Imperial College London is a science based institution, consistently rated as one of the world’s best, and is home to 14,700 students, 8,000 staff and awards 6,100 degrees per year. The College focuses on science, engineering, medicine and business and is renowned for its application of these skills to industry and enterprise.
Two years ago Imperial made the decision to centralise its scanning, from its previous devolved system (where departments were expected to provide the Library Services with a PDF of the book chapter or journal article). The decision was made to streamline the process and hopefully move to a stage where digitisations under the CLA licence could not only be serviced, but also promoted and used as an encouragement for departments to use the new reading list system, Ex Libris’ Leganto, which Imperial adopted at the same time as adopting the Digital Content Store (DCS).
Last year we made 152 digitisations under the CLA Licence. Each request would take on average 30 minutes to place, plus the additional time required at the end of the year for licence compliance rechecks and reporting to CLA. This was administered throughout the team using manual systems and a paper workflow of all the steps to take.
Last August I implemented the DCS for the digitisation team as the only way to fulfil CLA digital copy requests. The integrations with CLA’s Check Permissions (which included enabling us to use the bibliographic information in the system), as well as our own Ex Libris Alma integration (to automatically check if the university owns a copy of the work we are looking to copy from) has saved lots of time.
Even more important than the platform itself is the workflow, taking users through the step-by-step process of generating digital content, and offering secure links that reassures our staff that material won’t be accessed by anyone not registered at Imperial. This means that I am more confident in using additional members of the information resources team during peak times of the year to use the system, as it’s easy to use and offers security; a paper workflow can’t highlight to you if you’ve missed a step. The DCS report means I no longer have to keep an internal spreadsheet of all of our digitisations, both for reporting to CLA and also internal use.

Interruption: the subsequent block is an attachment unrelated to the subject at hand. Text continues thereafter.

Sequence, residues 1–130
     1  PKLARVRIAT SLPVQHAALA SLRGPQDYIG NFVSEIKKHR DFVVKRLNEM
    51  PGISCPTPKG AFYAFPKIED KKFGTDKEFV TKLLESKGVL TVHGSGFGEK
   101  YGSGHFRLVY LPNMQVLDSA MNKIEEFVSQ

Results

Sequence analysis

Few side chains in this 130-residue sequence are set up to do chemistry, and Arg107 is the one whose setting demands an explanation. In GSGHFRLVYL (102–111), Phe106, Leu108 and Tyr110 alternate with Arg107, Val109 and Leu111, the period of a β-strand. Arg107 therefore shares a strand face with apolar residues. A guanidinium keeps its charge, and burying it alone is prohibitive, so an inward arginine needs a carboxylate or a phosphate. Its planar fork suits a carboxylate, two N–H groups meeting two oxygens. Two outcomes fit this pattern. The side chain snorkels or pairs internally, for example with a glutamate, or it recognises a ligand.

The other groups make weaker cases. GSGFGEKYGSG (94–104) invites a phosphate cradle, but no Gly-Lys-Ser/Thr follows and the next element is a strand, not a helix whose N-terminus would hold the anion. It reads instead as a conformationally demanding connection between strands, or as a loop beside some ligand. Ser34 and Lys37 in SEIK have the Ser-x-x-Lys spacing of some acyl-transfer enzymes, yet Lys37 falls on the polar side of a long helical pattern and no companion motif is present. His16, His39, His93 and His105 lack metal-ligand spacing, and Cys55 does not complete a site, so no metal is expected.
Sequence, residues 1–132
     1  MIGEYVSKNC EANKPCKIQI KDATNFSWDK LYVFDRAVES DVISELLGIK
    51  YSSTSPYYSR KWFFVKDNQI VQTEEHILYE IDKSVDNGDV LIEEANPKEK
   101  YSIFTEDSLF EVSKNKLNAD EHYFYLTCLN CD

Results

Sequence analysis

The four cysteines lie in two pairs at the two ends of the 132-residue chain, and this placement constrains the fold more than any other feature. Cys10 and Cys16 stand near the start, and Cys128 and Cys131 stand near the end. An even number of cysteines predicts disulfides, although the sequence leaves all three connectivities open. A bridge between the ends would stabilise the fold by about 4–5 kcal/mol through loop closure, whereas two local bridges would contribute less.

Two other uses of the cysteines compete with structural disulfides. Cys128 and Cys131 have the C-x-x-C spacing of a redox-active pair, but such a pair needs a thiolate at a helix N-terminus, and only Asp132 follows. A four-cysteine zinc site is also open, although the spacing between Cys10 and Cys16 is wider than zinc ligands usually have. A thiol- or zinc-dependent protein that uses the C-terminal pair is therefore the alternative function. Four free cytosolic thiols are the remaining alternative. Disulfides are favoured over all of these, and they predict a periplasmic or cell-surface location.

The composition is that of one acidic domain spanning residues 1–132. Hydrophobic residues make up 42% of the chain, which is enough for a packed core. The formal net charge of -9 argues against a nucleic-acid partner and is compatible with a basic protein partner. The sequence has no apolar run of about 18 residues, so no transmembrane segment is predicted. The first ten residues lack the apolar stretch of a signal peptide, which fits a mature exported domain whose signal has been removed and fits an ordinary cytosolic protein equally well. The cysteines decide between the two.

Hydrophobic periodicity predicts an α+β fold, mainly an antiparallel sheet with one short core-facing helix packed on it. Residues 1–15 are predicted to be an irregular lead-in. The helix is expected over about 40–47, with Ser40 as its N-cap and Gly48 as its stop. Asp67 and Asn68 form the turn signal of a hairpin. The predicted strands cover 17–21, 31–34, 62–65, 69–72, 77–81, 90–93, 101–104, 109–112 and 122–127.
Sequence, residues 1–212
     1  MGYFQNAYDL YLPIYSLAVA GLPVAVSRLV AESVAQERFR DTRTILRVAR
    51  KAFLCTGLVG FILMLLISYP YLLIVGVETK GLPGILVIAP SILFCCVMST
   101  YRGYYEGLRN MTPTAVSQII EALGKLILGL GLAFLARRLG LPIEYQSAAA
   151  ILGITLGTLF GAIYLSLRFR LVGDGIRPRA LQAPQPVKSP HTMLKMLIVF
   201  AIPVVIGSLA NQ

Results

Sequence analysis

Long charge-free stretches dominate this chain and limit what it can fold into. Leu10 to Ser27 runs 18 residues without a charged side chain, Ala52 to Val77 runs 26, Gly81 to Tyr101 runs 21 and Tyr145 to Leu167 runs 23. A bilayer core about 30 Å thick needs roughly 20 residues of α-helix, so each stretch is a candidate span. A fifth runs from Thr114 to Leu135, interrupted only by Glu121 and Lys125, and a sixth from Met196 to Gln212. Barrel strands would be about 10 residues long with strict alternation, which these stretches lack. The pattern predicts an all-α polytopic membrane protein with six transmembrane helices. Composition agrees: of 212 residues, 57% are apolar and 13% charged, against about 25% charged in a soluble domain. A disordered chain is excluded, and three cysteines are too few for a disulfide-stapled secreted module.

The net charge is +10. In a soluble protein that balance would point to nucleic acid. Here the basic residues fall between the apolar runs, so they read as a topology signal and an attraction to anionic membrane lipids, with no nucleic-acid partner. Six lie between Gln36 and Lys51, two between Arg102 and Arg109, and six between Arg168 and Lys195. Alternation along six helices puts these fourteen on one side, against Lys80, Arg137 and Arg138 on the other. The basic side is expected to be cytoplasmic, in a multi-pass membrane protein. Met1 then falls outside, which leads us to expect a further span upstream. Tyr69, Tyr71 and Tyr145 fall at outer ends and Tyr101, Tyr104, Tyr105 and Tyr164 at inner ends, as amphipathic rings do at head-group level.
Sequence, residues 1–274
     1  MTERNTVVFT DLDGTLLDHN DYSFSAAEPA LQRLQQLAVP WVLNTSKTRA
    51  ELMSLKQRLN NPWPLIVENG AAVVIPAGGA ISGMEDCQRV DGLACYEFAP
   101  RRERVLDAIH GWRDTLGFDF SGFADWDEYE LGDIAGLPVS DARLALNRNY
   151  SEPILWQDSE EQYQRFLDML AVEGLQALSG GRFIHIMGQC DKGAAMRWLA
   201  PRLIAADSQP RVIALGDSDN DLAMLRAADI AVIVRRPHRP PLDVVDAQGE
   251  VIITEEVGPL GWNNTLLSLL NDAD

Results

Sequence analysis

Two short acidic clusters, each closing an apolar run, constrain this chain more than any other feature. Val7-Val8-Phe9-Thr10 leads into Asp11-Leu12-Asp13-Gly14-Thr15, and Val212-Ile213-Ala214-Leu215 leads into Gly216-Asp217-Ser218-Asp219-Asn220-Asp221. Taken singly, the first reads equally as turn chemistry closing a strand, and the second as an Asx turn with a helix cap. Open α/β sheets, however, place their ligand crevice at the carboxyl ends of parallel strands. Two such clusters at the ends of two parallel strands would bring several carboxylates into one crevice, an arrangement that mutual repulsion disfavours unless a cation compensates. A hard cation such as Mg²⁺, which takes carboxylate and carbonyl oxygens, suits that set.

One of the major changes to our digitisation workflow has been to use the British Library and CLA EHESS platform for the majority of our digitisations, both for material we own (outsourcing the work) and for material we don’t (to purchase a Copyright Fee Paid copy). The integration of the DCS and EHESS has helped to make this process more seamless and further improved this aspect of the workflow.
After six months of using the DCS, Imperial has now made 161 digital copies, more than the whole of the previous academic year. Request times have, on average, been halved and, as such, Imperial has been able to deal with a higher number of requests. Without the DCS, implementing this many digitisations would have been a lot more difficult.
With the development of the DCS, we have appreciated the platform now helps us to report our Second Extract purchases (and removes the need to add a Copyright Notice). In terms of the future, we’re hoping that one day the DCS will enable us to purchase Second Extracts through the system, as this will further streamline our processes. In the short term, we’re looking forward to the integration with the Leganto reading list system, which is coming next week, and will save us time transferring links into our reading lists.